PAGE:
- Coverage exclusion applies (i.e., intentional self-harm, disability caused by voluntary engagement in dangerous activity, disability related to military service, etc.);
- Insufficient documentary evidence in support of the disabling condition at-issue;
- Claimant made a material misrepresentation in the original insurance application;
- Claimant is exaggerating the extent of the injury (inconsistency revealed by insurer investigation or surveillance of the claimant);
- Disability is caused by a pre-existing condition that was known at the time of the insurance application;
- Claimant failed to adequately mitigate their losses;
- Claimant did not obtain adequate medical treatment on a consistent basis, leading to serious coverage gaps;
- Coverage lapsed; and
Just because an insurer has denied your disability benefits claim does not necessarily mean that you have no options. In fact, it is quite common for insurance companies to deny disability claims for “paper thin” reasons, in the hopes that the claimant will simply resign themselves to the adverse decision of the insurer. With the assistance of qualified Chicago private disability insurance attorneys, however, you can request a reconsideration of the insurer’s decision to deny your disability benefits claim and secure the benefits to which you are entitled.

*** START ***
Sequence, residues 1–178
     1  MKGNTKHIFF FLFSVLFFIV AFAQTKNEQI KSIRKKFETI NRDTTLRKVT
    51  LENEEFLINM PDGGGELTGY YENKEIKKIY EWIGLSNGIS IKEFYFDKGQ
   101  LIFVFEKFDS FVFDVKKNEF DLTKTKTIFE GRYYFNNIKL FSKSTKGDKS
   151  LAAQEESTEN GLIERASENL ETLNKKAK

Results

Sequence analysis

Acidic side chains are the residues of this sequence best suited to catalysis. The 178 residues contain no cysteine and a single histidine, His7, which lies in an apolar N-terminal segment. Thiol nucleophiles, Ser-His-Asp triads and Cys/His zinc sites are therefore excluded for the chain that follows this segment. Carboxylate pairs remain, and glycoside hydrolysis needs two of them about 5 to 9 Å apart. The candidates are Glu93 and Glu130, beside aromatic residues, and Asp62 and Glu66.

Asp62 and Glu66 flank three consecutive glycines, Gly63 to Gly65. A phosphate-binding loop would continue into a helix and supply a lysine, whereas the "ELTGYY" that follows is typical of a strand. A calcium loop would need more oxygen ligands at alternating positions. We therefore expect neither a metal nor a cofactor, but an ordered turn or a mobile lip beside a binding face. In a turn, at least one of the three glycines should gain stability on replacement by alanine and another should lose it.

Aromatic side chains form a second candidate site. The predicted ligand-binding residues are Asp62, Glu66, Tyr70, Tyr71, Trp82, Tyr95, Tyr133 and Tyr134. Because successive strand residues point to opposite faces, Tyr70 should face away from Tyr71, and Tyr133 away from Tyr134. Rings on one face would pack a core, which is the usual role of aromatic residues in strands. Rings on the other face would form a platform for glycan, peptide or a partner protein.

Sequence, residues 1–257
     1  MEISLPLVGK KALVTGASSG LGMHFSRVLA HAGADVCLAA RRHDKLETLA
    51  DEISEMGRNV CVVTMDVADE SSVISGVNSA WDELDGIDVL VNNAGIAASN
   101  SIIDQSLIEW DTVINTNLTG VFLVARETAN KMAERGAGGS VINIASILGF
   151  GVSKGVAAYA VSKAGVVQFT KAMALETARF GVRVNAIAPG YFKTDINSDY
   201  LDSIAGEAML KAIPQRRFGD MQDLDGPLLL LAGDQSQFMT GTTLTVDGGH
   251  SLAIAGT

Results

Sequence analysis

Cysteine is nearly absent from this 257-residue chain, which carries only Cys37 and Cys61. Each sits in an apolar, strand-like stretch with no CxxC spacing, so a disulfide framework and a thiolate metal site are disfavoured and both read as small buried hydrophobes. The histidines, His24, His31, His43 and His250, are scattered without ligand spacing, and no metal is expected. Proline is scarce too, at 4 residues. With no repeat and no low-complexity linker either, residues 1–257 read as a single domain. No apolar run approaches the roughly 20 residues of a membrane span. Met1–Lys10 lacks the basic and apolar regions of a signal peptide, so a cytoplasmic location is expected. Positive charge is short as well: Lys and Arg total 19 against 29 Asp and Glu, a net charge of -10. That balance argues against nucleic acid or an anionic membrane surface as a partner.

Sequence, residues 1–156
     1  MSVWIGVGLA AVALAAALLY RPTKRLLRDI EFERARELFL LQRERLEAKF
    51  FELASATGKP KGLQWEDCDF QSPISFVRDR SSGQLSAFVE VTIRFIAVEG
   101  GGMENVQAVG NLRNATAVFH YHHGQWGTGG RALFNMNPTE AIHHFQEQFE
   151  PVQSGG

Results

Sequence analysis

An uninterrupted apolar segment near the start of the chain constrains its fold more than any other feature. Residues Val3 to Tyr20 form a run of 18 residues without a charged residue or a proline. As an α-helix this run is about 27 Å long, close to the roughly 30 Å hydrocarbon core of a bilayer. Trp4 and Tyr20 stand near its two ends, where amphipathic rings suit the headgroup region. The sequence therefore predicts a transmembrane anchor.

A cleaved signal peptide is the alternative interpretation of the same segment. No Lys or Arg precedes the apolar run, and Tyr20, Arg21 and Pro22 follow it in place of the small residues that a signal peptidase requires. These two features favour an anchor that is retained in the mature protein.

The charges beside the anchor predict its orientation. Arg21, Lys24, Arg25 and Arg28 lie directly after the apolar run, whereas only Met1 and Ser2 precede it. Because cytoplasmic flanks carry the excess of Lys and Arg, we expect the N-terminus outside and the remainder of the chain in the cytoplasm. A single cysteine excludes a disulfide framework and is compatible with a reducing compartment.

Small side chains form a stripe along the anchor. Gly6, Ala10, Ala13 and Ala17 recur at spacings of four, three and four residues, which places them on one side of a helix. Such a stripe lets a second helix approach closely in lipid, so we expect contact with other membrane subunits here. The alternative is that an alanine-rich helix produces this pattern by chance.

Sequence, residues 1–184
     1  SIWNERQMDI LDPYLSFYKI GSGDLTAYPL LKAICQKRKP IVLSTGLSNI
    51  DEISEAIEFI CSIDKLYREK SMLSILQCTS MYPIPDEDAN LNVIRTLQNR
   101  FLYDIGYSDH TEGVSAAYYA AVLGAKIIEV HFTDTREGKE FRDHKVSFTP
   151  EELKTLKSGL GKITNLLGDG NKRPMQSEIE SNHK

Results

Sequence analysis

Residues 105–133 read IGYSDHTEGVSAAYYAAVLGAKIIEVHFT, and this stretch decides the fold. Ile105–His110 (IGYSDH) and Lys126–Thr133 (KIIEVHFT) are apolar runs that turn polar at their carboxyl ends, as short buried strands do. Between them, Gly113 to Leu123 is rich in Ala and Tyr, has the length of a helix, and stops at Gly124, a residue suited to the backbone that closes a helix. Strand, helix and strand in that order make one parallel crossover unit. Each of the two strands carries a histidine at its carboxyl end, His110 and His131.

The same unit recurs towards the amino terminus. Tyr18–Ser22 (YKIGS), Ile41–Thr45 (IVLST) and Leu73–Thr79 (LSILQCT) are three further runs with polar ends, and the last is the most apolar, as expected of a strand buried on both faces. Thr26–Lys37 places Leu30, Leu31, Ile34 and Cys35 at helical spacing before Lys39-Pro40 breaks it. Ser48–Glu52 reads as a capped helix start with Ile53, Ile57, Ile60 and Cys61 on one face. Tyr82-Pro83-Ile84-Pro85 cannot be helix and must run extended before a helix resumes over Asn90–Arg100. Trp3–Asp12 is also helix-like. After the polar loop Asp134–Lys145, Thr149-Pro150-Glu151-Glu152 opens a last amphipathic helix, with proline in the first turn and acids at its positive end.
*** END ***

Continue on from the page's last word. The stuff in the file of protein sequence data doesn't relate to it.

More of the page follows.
If your claim has been denied, the next steps will depend a great deal on whether your private insurance benefits are ERISA-governed.
The Employee Retirement Income Security Act (ERISA) is a federal regulatory scheme that applies to certain qualified employer-sponsored benefits plans — excepting coverage sponsored by a public employer or a religious organization — and applies exclusive of state law. Even if you are an Illinois resident and you work for an Illinois employer, for example, it’s quite likely that your employer-sponsored benefits plan is ERISA-governed.